Renault’s YouTube video featuring its Captur mini-crossover is as controversial as it is effective in attracting attention. Here is why. The video shows a gang of masked daytime robbers who forced two innocent people -- a man and a woman -- to help them get away in a Captur to a given destination.
The robbers had their “victims” use the navigation application of the R-Link infotainment system installed in the Captur to guide them to their “base.” It turned out in the end that all was an act. The video has generated over 5 million views since its release in June.
Viewer reception for the YouTube video was mixed, with 494 hitting “Dislike” versus 579 clicking “Like.”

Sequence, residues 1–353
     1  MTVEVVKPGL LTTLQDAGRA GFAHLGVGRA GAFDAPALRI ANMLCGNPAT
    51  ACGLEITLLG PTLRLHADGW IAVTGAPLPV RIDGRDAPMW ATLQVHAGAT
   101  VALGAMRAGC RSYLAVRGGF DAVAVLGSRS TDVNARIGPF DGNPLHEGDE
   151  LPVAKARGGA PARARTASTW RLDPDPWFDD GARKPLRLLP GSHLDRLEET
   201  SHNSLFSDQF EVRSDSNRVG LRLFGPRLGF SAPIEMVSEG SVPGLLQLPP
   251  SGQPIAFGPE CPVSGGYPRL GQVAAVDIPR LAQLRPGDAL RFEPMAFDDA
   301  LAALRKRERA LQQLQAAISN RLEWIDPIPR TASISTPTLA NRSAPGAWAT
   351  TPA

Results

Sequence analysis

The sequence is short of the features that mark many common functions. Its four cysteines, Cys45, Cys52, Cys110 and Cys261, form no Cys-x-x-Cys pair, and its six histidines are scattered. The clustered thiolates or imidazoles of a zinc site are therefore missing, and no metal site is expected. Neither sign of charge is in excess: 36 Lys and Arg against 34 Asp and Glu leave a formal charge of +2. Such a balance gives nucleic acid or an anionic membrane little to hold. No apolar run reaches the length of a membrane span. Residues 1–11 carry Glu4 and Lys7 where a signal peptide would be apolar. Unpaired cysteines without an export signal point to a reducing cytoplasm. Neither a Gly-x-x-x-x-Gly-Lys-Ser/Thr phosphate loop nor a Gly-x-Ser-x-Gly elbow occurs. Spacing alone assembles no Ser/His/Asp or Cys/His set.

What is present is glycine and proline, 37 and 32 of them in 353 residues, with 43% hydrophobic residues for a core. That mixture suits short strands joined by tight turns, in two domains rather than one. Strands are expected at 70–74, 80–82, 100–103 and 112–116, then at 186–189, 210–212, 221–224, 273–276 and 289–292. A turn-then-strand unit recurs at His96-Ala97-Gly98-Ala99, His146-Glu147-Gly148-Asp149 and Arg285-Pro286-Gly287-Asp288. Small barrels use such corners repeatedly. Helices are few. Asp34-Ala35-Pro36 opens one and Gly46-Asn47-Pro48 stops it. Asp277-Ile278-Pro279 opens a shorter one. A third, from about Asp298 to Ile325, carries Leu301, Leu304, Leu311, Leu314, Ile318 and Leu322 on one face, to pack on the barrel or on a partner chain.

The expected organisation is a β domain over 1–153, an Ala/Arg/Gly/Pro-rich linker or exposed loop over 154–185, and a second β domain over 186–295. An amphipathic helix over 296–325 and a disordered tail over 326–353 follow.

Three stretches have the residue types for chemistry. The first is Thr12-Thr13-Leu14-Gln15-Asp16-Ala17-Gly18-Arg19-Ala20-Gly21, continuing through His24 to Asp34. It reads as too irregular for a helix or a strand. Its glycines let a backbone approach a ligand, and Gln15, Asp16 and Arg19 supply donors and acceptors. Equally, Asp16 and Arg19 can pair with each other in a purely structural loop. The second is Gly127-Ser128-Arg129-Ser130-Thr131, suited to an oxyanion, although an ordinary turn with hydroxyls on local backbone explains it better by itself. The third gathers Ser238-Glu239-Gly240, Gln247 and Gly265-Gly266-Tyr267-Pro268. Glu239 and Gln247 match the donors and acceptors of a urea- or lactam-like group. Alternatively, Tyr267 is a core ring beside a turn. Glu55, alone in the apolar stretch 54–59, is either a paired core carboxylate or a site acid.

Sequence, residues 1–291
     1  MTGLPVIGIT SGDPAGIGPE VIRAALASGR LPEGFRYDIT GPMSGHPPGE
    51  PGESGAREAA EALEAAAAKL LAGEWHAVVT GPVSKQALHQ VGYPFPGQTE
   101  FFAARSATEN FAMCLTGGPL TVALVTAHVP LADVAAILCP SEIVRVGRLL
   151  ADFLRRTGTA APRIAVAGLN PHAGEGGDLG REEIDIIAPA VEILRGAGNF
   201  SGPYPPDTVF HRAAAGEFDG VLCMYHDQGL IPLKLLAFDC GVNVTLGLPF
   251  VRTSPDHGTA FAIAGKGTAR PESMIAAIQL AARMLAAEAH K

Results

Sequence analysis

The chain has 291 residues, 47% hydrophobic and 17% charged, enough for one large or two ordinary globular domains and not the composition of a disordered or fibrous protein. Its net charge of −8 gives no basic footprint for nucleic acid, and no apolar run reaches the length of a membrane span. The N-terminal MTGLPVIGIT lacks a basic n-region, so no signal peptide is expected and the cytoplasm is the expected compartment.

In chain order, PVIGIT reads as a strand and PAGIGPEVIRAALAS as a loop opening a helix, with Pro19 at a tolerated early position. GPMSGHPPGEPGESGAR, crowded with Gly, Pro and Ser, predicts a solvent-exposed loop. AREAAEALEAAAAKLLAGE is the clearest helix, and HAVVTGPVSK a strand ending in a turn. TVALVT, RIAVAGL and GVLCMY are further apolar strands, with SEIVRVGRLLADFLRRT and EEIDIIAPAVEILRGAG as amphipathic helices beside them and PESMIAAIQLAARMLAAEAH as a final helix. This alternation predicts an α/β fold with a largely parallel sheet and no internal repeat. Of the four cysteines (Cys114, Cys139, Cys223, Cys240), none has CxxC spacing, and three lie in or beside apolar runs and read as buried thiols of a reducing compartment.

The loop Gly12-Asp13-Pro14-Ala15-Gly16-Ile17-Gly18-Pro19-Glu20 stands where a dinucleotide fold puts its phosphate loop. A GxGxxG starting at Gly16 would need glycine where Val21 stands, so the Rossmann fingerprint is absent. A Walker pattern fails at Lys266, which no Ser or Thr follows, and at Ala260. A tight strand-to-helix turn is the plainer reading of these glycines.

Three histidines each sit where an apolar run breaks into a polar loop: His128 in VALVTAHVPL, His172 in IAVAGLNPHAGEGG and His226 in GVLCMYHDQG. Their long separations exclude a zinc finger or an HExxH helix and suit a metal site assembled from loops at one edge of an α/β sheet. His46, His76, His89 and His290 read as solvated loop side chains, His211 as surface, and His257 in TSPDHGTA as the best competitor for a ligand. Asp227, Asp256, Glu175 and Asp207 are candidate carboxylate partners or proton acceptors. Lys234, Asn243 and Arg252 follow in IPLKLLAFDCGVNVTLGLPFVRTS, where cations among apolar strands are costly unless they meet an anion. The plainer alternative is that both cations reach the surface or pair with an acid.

Some YouTube users gave positive yet cautious comments, saying that it was "original and offbeat, but it remains to be seen whether the cars live up to Renault's claims." Other users threw negative comments, with some even calling for a boycott of the Renault brand.
Isabelle Fossecave, Renault's head of promotion and advertising for France, told Automotive News Europe correspondent Bruce Gain that the video aims to convince the carmaker’s target audience to view the brand differently and to eventually test drive one of their vehicles.
The video is part of the carmaker’s media campaign aimed at shaking up how the brand is perceived in Europe. Fossecave said that their goal was to expand their reach to “a public that has not been very enthusiastic about the brand.” The video is also proof of carmakers’ increasing use of social media venues like YouTube as a key social networking channel to communicate with potential customers.